Udham Singh: Revolutionary of the Indian Freedom Struggle

Shaheed Udham Singh was an Indian revolutionary belonging to the Ghadar Party, who is well known for the assassination of Michael O’Dwyer on March 13th 1940. Michael O’Dwyer was the lieutenant governor of Punjab at the time of the Jallianwala Bagh massacre in Amritsar. Due to the deteriorating law and order situation in the province of Punjab, Michael O’Dwyer authorised British Army General, Reginal Dyer, to take necessary steps to bring about order in the province. This held Michael O’Dwyer directly responsible for the massacre at Amritsar.

This article will give details about the life of Udham Singh within the context of the IAS Exam.

Aspirants would find the article very helpful in General Studies paper preparation for UPSC examination.

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Early Life of Udham Singh

Udham Singh born as Sher Singh on 26th December 1899 at Sunam, Sangrur district of Punjab. His father, Sardar Tehal Singh Jammu, was a farmer in the village of Upali.

Upon the death of his father, he was taken in by the Central Khalsa Orphanage in Amritsar. He was named as Udham Singh following Sikh rites. He left the orphanage in 1919 after passing his matriculation examination in 1918.

Jallianwala Bagh Massacre

On 13th April 1919, about 20,000 unarmed people were gathered in Jallianwala Bagh, Amritsar, to protest against the arrests and heavy handed-police crackdown that came about with the passing of the Rowlatt Act. They were surrounded by British troops under the command of General Reginald Dyer

The protestors were fired upon by the British soldiers, causing casualties upwards of 1000 deaths and injuring more than 1500. The massacre would forever change the course of the Indian Independence Struggle.

The massacre also had a profound effect on Udham Singh who at that point became actively involved in revolutionary activities and politics. He was deeply influenced by Bhagat Singh his group. Udham Singh joined the Ghadar Party in 1924 to organise overseas Indians with the purpose of overthrowing colonial rule. In 1927, while returning to India with associates and weapons to carry out revolutionary activities, he was arrested for illegal possession of firearms and sentenced to five years in prison.

After his release from prison in 1931, Udham Singh evaded police surveillance, who was watching him due to his association with the Ghadar Party. He made his way to Germany and reached London in 1934. Finding employment in the city, he made plans to assassinate Michael O’Dwyer for his part in the massacre at Jallianwala Bagh.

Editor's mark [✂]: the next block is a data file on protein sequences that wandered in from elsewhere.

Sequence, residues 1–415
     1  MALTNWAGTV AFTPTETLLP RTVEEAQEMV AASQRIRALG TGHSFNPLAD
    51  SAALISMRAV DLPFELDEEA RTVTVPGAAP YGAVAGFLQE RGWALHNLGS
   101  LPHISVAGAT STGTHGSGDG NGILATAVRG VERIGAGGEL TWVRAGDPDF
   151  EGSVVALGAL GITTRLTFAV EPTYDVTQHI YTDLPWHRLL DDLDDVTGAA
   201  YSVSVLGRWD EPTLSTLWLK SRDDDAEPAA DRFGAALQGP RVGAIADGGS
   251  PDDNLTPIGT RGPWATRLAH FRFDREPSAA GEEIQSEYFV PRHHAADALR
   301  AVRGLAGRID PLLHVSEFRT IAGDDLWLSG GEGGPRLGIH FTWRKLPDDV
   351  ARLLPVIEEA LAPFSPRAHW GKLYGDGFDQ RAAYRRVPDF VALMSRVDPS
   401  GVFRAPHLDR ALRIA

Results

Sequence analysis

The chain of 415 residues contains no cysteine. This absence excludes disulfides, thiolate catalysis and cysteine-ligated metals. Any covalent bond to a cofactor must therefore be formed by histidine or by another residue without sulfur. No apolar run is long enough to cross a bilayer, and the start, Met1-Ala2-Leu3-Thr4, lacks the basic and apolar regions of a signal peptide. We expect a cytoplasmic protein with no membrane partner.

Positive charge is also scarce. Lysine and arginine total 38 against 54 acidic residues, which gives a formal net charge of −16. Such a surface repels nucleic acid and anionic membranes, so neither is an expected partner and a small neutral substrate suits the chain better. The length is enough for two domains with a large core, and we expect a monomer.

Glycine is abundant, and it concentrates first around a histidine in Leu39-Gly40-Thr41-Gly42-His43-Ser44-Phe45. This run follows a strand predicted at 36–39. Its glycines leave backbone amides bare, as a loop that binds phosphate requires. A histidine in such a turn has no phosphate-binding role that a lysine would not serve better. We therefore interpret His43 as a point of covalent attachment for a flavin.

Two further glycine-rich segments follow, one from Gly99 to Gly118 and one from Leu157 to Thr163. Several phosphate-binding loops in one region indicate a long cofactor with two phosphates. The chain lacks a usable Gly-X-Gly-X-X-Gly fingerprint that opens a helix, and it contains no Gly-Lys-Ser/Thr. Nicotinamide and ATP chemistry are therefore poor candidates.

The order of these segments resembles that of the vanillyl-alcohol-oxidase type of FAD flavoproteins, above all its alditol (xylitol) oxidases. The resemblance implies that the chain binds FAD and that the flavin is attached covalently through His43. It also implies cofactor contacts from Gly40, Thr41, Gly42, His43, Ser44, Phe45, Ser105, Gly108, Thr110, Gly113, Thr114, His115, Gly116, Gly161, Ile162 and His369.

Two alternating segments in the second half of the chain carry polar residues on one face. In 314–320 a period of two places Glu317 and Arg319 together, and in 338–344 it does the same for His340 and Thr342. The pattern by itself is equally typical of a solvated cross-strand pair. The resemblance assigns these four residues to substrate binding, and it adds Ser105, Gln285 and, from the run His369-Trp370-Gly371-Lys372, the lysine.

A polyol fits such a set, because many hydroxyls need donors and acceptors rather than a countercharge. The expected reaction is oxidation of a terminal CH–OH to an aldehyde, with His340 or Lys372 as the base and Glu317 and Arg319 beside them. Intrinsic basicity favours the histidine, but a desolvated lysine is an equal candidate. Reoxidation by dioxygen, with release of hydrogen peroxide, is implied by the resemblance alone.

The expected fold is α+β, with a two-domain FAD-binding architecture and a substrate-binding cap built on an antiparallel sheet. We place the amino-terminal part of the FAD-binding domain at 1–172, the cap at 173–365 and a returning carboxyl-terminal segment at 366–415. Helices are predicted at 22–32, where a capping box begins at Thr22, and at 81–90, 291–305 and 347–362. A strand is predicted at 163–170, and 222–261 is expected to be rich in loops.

To know more about the difference between the moderate and extremist phase of the Indian Independence movement, visit the linked article.

The assassination of Michael O’Dwyer

On March 13, 1940, Michael O’Dwyer was scheduled to speak at Caxton Hall in London. Concealing a revolver he had purchased, Udham Singh found an open seat in the hall and waited for Michael O’Dwyer to arrive. As Michael was making his way to the speaking platform, Udham Singh shot at him twice. The bullets pierced Michael’s vital organs, killing him instantly. Udham Singh surrendered after the shooting.

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Trial and Execution of Udham Singh

Udham Singh was charged for the assassination of Michael O’Dwyer He remained in imprisoned at Brixton Prison throughout his trial. While in custody he used the name Ram Mohammad Singh Azad to represent the three major religions of the Punjab region and his anti-colonial sentiments.

His trial began on 4th June 1940 at the Central Criminal Court, Old bailey. He was defended by VK Krishna Menon and St. John Hutchinson, while the prosecution was represented by G.B. Mc Clure. When asked about the motive behind the assassination he is reported to have said that he “was seeking vengeance for the crushing the spirit of his people”

Udham Singh was convicted of murder and sentenced to death. On July 31st, 1940 he was hanged and buried at Pentonville Prison.

His remains were exhumed and repatriated at the request of the government of India in 1974. The casket which contained his remains were where the casket was received by Indira Gandhi and other important members of the Indian government. Udham Singh was later cremated in his birthplace of Sunam in Punjab and his ashes were scattered in the Sutlej river. Some of his ashes were retained. They are currently kept inside a sealed urn at Jallianwala Bagh.

Know more about the difference between Mahatma Gandhi and Rabindranath Tagore’s view on nationalism, by visiting the linked article.

Legacy of Udham Singh

Udham Singh is also referred to as Shaheed-i-Azam Sardar Udham Singh which means ‘great martyr’. A district, Udham Singh Nagar, of Uttarakhand, was named after him to pay homage in October 1995 by the government

Homage to him include:

  • Shaheed Udham Singh Chowk in Anupgarh, Rajasthan
  • The day of his death is a public holiday in the states of Punjab. and Haryana.
  • A 10 ft tall statue of him was installed by International Sarv Kamboj Samaj at the main entrance of Jallianwala Bagh, Amritsar on 13 March 2018. The statue was unveiled by Union Home Minister Rajnath Singh.

To this day Udham Singh is regarded as one of the foremost revolutionaries of the Indian Freedom Struggle.

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